What I personally find most fascinating about this work is that it builds on previous work Heckerman undertook to build an email spam filter. The same principles that are being used to fight spam in Hotmail, Outlook and Exchange are being used to tackle HIV. It turns out there are a lot of similarities between the way spammers evolve their approaches to avoid filters and the way that the HIV virus is constantly mutating.

Continue reading here.

Originally posted on Next at Microsoft.

technology
Trending

Brand Engagement At The Gates Of The World's Largest Open-Air Gallery

Culture
Asia Today

Safe Drivers Rewarded In Japan With Free Coffee

Driving Barista is a new app that encourages Japanese motorists to put their phones down as they drive

Arts & Culture Today

Michael Kors Has Designed Their Own Instant Camera

In a partnership with Fuji, the limited edition Instax Mini 70 comes in an exclusive metallic gold color

Trending

Get PSFK's Related Report: Future of Automotive

See All
Health Today

Manage Your Emotional Health Through Your Phone

Pharmaceutical company Pfizer has created a new iOS app meant to help patients track mental progress and set goals

Food Today

Delete Food Pics Off Of Instagram To Feed The Hungry

Land O'Lakes and Feeding America are donating meals for every picture of a meal taken off of the social platform

Related Expert

Tara Greer

Digital Strategy

Design & Architecture Today

This Shape-Shifting Pod Could Be The Future Of The Cubicle

MIT and Google have designed a new form of work enclosure meant to offer privacy in open-office layouts

Advertising Today

Billboard Spies On People As They Walk By

To promote the movie "Snowden," the advertisement broadcasts information on passersby without their knowledge

Fashion Today

Anti-Pollution Scarf Helps Cyclists Ride Through Cities

An innovative system filters pollutants and its accompanying app monitors quality of the air

PSFK LABS REPORT

Future Of Automotive
Scenarios Driving The Digital Transformation Of An Industry
NEW

PSFK Op-Ed Yesterday

Modern Workplace Culture: No More Fat Cats Or Kissing Ass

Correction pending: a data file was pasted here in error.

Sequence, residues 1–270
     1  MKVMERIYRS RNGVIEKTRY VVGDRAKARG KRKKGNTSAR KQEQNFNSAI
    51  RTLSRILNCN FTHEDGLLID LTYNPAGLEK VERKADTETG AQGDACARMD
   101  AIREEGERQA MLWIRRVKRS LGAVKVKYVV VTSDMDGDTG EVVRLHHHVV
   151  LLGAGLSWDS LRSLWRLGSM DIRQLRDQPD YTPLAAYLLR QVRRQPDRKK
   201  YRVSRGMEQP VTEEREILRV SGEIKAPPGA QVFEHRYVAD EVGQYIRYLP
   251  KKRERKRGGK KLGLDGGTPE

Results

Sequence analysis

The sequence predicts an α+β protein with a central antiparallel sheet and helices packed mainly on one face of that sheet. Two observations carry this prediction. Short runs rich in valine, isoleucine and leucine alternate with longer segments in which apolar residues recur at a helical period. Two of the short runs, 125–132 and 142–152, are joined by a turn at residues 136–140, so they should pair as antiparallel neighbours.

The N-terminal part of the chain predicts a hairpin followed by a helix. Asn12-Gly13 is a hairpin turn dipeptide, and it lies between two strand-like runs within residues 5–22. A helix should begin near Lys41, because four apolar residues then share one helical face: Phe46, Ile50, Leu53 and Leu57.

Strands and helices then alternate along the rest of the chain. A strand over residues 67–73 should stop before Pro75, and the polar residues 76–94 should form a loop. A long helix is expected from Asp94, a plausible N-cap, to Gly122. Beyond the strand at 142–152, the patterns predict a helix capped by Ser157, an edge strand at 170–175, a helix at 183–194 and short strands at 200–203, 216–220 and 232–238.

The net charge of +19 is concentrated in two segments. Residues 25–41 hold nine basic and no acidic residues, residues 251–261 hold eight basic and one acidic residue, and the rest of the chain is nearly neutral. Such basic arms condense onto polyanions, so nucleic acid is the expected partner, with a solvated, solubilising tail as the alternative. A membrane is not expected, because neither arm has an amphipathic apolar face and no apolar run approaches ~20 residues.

Samar Birwadker, CEO & Co-Founder of Good & Co, on designing shared organizational values to optimize employee happiness and success

PSFK Labs Today

New Mentorship Ecosystems Benefit All Levels Of An Organization

PSFK’s Future of Work report explores how technology is being leveraged to support cross-team communication

Automotive Today

Volvo’s Self-Driving Trucks Will Soon Be Put To Work In An Underground Mine

The fully-automated vehicles are part of a development project to help improve safety for workers

Op-Ed Today

Energy Expert: How American Consumers Are Taking Control Of Their Power Use

Jennifer Tuohy, green tech expert at The Home Depot, discusses green home technologies and developments for renewable technologies in US homes

Work Today

Editorial Roundtable: How Will Companies Staff The Workplace Of The Future?

Managed By Q, Soma, Workbar, Primary, AltSchool and thinkPARALLAX examine the ways that a people-first workplace might disrupt the job hiring process

Arts & Culture Today

Mischievous Drone Will Drop Paint-Filled Balloons On Targets Of Your Choosing

A German photography team developed the flying device to accurately deliver a payload wherever needed

PSFK LABS REPORT

Future Of Work
Cultivating The Next Generation Of Leaders
NEW

Fashion Today

100 Backpacks Made For The World’s Top Influencers

Heineken and TUMI have collaborated on a unique custom NYC-inspired bag

Financial Services Today

This Peer-To-Peer Insurance Company Is Powered By Bots

Lemonade is a new product designed to lighten the paperwork and provide instant, helpful service when needed

No search results found.